The Future of Workplace Learning: 5 Trends to Watch

Shaped by technology, new advances and alternative ways of thinking; the way we learn is changing. International teaching providers, pulled highlights from the report ‘Trends in Learning’ by the Open University to show how learning has evolved to include 5 trends that will transform the way we learn.

1. Spaced Learning

In terms of memory (both short and long-term), we learn best in a series of short learning sessions. This is the reason why Spaced Learning is popular. Typically, with spaced learning, individuals are encouraged to study for a 20-minute period, followed by a 10-minute break when the learner will engage in a related activity (putting the learning into practice.) This is repeated with the focus on recall, where the learner will apply their learned knowledge.

The process of learning, reflection, repetition, and application can help people rapidly learn new skills and retain information. This has become increasingly valuable to employers in recent years. Employers are aware that the luxury of whole days or weeks dedicated to employee training is fading fast. Today, quick but impactful teaching is prioritized.

Compliance training is one area where Spaced Learning has proved popular. It enables organizations to break down the technical and (slightly) boring annual program into small, accessible sections.

Tip: Gamification is an effective way to introduce the concept of Spaced Learning.

2. Post-Truth Learning

To combat the fake news epidemic, people are seeking out information that is reported responsibly and accurately. How do we know what information to trust? What sources to trust? The questions we are beginning to ask fall under the umbrella of ‘epistemic cognition,’ which basically means knowledge about knowledge.

Epistemic cognition refers to knowledge about important, fundamental concerns around objectivity, subjectivity, rationality, and truth. At the root, it is about encouraging people to question rather than accept what is fed to them blindly.

This is important in the current world because people get their information from endless sources – be it traditional media, social networks, blogs, or apps. It is essential learners begin to take a critical, analytical approach to information gathering.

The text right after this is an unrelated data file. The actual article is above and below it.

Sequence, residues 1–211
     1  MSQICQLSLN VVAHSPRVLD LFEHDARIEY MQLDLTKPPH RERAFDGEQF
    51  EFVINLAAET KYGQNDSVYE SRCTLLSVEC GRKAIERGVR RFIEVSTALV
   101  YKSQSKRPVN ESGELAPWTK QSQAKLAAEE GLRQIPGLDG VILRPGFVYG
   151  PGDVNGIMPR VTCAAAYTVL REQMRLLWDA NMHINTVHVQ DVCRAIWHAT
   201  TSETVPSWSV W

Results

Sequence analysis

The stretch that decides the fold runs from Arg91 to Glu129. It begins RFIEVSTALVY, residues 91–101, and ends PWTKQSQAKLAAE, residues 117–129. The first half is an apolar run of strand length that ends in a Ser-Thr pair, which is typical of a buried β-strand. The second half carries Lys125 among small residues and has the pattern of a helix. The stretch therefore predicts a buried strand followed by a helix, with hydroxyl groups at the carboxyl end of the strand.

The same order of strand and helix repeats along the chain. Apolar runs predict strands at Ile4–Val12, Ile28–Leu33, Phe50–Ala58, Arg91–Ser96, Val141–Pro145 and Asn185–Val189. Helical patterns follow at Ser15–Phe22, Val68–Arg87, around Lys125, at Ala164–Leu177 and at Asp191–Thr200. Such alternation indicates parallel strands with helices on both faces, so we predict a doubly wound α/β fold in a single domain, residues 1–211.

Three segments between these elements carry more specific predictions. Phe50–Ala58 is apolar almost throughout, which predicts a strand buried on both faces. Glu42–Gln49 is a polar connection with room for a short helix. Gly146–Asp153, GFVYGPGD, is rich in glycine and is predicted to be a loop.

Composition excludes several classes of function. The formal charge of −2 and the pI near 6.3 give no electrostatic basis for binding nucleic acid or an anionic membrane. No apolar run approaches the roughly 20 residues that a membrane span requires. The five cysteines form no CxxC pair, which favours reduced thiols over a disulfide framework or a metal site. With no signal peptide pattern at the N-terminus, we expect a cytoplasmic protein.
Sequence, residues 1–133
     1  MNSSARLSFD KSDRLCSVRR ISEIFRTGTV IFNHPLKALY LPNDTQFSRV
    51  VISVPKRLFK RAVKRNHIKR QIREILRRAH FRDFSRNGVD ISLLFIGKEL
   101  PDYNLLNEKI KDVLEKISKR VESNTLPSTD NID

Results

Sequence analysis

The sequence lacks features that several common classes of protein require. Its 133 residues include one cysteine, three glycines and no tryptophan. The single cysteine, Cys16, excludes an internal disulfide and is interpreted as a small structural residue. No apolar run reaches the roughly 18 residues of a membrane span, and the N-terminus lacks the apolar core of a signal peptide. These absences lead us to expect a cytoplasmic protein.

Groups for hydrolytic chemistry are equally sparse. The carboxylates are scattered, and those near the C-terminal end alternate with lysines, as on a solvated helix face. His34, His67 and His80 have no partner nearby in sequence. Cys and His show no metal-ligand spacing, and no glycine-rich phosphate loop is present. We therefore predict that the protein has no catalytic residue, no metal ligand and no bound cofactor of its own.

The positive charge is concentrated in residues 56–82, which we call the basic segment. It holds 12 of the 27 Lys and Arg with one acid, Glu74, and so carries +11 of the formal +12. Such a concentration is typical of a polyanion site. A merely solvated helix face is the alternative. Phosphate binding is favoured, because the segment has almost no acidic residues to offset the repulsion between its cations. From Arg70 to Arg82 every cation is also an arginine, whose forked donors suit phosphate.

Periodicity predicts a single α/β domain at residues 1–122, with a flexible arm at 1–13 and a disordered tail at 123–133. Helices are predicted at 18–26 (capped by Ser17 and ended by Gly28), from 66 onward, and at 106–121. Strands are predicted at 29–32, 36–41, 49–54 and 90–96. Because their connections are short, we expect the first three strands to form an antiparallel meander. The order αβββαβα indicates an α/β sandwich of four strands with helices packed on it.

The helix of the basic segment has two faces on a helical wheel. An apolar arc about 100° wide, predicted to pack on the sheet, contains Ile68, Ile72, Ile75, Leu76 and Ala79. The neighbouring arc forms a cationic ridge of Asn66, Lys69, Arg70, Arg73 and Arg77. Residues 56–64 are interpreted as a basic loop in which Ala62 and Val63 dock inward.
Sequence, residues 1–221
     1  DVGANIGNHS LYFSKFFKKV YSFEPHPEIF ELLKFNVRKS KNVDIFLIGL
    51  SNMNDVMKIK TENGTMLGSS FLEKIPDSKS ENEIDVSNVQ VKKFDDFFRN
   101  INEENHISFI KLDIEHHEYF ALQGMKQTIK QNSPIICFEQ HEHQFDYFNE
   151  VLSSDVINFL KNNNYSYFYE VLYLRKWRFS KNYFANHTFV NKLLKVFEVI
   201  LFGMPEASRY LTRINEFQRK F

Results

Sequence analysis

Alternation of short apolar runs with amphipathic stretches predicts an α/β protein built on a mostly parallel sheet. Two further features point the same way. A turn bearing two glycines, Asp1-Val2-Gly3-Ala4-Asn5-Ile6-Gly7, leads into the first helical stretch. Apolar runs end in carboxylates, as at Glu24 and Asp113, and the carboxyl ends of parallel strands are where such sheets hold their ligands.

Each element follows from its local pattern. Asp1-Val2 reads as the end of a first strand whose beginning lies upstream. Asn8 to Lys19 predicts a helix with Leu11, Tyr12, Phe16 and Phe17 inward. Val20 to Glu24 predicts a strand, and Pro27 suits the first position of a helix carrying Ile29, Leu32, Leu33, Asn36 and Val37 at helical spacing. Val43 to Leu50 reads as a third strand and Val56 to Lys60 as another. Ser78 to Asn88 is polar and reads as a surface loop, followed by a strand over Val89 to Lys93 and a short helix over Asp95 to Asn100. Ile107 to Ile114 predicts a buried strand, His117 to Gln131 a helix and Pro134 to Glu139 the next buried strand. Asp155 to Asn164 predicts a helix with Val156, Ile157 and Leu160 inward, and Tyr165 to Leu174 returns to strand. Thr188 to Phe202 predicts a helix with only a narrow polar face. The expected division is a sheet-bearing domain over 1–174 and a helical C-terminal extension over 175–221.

In the workplace, encourage employees to think about scenarios that involve conflicting accounts. In doing so, individuals will learn to question information and decision-making processes.

Tip: Make challenging assumptions a positive in the learning environment.

3. Immersive Learning

Using innovative technologies such as augmented reality (AR), virtual reality (VR), and mixed reality (MR), the concept of Immersive Learning allows individuals to experience realistic scenarios, which make for an interactive and memorable learning experience.

Immersive Learning is effective in providing point-of-need training and support, which makes it an appealing tool in the workplace. There are significant benefits to learning how to respond to and overcome crisis situations in a simulated, safe environment.

At its core, Immersive Learning is all about experience and exploration.

Tip: Identify a real business problem where you think an immersive experience will be most effective.

4. Learner-Led Analytics

Using algorithms to determine the best, most targeted path for individuals to learn, Learner-Led Analytics is a far more personalized route to learning. By using data to identify goals and ambitions, learners can monitor their own performance and gain a deeper understanding of how and why they learn.

By using data in this way, companies can paint a picture of the learner and organization, creating a far more engaged workforce. Moreover, employers can use analytics to gain a deeper, more holistic understanding of the skills situation in their organization. Where are the skills? Where are the skills gaps? Are there any trends to note?

That is the way learning is going – a targeted, personalized approach that meets the needs of learners and the organization.

Tip: Be prepared to put learning in the hands of the individual.

5. Humanistic Knowledge-Building Communities

Humanistic knowledge building communities promote the development of knowledge, both individually and collectively. The humanistic element focuses on helping people to be creative, self-directed, and open to experience. Whereas the knowledge-building element focuses on enhancing and sharing knowledge.

In the workplace, technology can be used alongside this trend, to create a better-connected and more engaged workforce that is also human. Think tools like Slack which bring elements of personal communication (such as emojis and GIFs) to the formal world of work, to make communication more light-hearted; more human.

However, organizations should be mindful that these tools and ways of working take time to embed. Communities such as these are formed gradually and blossom when the mindset shifts from “What’s in it for me?’ to ‘What’s in it for us?” Workplace culture needs to nurture, encourage and support the idea of an open, shared environment.

Aside from tech, practices such as working out loud circles and other initiatives around ‘show your work’ are a fantastic way to start building your community and supporting and encouraging individuals to be visible in sharing what they know.

By Guest

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